The cell cycle is controlled by checkpoints, most notably between the G₁ and S phase, and the G₂ and M phase. At the G₁/S checkpoint, the cell ascertains if the DNA is in good enough condition for synthesis. As mentioned above, this checkpoint is likewise known as the restriction point. If there has been harm to the DNA, the cell cycle goes into arrest until the DNA has been repaired. The crucial protein in command of this is named as p53.

At the G₂/M checkpoint, the cell is mainly concerned with ensuring that the cell has achieved the adequate size and the organelles have been properly replicated to support two daughter cells. p53 as well plays a role in the G₂/M checkpoint.

The molecules accountable for the cell cycle are called cyclins and cyclin-dependent kinases (CDK) In order to be activated, CDKs require the presence of the right cyclins. During the cell cycle, concentrations of the varying cyclins increase and decrease during specific stages. These cyclins bind to CDKs, generating an activated CDK-cyclin complex. This obsession (complex) can then phosphorylate transcription factors. Transcription factors then upgrade the transcription of genes obligatory for the next stage of the cell cycle.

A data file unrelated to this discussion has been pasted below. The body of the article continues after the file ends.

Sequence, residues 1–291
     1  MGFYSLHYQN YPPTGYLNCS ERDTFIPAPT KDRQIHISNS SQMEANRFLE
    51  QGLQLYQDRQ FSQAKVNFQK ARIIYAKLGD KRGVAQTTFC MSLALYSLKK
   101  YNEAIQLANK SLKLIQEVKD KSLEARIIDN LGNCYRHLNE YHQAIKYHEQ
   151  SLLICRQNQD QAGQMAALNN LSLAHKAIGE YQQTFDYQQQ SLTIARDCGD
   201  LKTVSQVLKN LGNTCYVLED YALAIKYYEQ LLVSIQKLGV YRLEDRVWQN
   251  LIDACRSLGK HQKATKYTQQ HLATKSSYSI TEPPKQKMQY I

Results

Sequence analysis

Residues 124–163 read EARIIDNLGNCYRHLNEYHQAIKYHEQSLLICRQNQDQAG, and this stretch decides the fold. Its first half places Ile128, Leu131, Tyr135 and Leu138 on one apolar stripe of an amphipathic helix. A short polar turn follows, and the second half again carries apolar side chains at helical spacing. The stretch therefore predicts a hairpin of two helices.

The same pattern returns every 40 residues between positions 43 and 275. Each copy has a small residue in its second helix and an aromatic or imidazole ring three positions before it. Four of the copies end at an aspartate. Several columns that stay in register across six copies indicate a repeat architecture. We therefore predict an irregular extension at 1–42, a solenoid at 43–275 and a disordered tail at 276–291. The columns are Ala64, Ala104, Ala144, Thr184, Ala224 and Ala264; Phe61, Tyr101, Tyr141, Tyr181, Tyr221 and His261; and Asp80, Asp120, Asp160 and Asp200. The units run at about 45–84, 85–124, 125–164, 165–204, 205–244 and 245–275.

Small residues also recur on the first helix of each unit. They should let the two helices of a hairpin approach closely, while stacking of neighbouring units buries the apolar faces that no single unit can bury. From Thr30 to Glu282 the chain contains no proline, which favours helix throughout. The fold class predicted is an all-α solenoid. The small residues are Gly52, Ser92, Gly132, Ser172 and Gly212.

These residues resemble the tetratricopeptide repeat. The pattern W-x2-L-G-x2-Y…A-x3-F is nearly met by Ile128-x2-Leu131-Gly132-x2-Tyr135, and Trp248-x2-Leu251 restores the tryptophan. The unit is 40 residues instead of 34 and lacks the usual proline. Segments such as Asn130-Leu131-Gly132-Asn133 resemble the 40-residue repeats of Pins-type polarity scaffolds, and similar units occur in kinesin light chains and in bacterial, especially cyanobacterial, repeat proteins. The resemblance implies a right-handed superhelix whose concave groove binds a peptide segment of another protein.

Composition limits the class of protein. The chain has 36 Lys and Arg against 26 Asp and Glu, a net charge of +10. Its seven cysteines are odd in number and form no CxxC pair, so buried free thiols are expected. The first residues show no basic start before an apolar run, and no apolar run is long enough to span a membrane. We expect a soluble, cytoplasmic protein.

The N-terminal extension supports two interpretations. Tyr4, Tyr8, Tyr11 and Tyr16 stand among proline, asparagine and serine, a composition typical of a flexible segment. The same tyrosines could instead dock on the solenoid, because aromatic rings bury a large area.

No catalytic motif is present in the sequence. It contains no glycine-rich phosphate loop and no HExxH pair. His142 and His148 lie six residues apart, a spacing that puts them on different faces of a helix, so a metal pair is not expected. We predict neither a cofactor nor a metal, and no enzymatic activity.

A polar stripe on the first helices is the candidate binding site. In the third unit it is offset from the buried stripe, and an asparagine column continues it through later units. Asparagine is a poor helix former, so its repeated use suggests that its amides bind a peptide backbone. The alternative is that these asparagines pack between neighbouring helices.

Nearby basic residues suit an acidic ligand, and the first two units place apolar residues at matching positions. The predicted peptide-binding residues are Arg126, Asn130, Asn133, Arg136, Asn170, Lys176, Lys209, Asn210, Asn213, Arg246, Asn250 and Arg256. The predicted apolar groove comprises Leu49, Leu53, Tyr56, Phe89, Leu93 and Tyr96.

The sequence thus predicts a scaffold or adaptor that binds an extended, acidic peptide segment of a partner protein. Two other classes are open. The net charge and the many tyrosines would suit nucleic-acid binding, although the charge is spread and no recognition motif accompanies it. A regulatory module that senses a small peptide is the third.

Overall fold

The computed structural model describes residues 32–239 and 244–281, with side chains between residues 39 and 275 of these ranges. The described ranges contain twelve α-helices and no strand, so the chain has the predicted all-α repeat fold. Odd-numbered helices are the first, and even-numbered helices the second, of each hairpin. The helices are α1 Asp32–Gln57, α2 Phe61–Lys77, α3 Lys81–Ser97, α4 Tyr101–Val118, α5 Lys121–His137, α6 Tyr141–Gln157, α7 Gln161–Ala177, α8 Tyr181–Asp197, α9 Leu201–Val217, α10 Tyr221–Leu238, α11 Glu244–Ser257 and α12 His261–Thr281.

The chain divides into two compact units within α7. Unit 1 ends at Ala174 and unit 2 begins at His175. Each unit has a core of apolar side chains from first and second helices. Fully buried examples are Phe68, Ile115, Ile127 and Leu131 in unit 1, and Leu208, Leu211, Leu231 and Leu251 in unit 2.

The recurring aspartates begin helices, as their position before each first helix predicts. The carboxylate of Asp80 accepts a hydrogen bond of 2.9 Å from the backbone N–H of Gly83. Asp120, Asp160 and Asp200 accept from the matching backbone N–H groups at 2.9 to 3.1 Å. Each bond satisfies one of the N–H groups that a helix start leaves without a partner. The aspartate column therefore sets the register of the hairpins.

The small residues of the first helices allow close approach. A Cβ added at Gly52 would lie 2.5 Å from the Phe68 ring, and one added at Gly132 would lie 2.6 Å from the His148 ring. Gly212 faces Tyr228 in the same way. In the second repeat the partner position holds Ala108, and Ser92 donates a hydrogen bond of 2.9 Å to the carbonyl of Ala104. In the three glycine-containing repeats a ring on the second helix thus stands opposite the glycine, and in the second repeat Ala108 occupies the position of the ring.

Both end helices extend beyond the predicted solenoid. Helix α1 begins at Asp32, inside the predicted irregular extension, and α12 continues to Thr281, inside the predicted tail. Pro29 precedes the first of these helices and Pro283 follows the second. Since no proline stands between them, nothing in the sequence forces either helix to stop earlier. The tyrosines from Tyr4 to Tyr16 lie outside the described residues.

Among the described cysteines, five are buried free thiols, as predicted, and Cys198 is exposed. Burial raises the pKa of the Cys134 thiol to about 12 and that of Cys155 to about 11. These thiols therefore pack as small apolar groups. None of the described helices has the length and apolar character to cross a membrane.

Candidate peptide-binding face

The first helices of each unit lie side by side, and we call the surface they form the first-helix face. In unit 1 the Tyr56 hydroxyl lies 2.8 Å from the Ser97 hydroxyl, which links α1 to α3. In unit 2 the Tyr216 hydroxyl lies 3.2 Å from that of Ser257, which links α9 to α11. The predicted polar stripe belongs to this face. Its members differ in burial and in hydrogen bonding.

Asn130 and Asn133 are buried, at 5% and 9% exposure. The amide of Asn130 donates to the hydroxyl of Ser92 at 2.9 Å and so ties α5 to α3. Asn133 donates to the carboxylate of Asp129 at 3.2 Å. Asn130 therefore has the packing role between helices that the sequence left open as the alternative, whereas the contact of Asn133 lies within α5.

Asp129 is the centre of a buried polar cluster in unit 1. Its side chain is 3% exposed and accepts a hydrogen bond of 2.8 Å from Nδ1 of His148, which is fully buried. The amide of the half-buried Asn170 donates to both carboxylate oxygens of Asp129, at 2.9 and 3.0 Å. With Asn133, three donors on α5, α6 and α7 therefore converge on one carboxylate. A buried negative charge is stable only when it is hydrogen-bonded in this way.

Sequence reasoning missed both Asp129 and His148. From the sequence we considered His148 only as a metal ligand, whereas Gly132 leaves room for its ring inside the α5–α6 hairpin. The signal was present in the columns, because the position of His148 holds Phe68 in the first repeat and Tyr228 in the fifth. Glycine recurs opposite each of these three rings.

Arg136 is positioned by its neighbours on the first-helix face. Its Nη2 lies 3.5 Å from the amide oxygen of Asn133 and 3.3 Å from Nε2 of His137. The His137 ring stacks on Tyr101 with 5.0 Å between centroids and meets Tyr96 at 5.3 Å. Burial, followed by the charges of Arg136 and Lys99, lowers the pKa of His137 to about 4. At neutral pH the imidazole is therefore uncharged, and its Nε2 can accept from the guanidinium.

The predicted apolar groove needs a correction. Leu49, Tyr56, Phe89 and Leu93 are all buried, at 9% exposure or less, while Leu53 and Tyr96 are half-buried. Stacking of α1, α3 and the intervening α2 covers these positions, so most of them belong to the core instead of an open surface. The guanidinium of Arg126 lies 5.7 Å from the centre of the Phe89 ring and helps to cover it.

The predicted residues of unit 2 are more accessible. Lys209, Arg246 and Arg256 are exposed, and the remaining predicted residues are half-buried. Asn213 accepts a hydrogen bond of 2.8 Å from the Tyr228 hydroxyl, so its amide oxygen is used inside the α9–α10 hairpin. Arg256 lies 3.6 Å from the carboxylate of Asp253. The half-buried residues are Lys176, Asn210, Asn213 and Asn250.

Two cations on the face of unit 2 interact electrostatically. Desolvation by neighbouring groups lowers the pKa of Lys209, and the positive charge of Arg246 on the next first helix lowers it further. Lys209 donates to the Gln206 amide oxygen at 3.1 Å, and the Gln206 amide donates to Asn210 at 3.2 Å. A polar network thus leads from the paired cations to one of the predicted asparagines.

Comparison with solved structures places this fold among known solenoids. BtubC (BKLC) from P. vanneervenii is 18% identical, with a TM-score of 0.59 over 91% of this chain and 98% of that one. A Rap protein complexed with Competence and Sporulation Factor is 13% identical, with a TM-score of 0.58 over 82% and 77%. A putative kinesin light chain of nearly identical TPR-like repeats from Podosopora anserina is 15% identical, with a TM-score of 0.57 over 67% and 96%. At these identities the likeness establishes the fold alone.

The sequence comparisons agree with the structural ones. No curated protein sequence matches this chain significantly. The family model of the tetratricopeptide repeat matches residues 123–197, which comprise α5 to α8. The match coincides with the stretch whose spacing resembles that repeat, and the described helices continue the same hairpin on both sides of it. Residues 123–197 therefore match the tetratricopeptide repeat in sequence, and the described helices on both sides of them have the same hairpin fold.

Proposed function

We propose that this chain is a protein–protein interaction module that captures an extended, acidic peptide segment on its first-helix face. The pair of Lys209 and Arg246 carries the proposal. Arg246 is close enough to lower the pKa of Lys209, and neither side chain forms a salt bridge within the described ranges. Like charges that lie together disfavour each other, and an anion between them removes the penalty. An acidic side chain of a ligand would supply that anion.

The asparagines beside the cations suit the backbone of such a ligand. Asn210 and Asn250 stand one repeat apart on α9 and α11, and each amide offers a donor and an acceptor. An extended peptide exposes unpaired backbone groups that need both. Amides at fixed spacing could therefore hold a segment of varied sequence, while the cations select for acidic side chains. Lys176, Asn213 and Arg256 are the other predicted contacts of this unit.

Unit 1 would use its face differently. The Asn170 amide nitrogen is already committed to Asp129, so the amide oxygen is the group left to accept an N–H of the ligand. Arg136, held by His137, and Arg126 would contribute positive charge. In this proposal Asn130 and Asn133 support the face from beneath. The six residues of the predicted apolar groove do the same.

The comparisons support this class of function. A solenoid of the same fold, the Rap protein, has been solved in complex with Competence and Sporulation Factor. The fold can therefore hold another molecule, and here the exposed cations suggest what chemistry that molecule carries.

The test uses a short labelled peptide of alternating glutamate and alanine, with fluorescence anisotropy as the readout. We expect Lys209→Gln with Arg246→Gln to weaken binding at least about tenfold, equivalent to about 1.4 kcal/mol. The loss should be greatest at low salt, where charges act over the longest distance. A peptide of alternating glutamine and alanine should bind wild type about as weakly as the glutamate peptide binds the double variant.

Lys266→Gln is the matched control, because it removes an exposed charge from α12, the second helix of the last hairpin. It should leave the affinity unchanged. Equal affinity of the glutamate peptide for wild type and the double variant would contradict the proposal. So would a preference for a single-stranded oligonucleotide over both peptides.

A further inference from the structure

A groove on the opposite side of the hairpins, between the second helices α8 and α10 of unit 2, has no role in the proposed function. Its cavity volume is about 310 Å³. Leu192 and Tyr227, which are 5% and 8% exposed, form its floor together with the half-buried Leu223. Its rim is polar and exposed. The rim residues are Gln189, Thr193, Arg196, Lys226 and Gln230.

Cell cycle control is essential to make sure that cells that are harmed or inadequately sized do not divide. When cell cycle control becomes deranged, and harmed cells are allowed to undergo mitosis, cancer may result. One of the most familiar/common mutations found in cancer is a mutation of the gene that produces p53, called TP53. When this gene is mutated, the cell cycle is not stopped to repair harmed DNA. This allows for mutations to accumulate, eventually resulting in a cancerous cell that separates continuously and without regard to the quality or quantity of the new cells produced. Frequently, cancer cells undergo rapid cell division, creating tumors. Eventually, if the cell begins to produce the right factors (such as proteases that might digest basement membranes or factors that encourage blood vessel formation), the damaged cells are then able to reach other tissues. This may include both local invasions as well as the distant spread of cancerous cells through the bloodstream or lymphatic systems. This concluding/latter result is known as metastasis.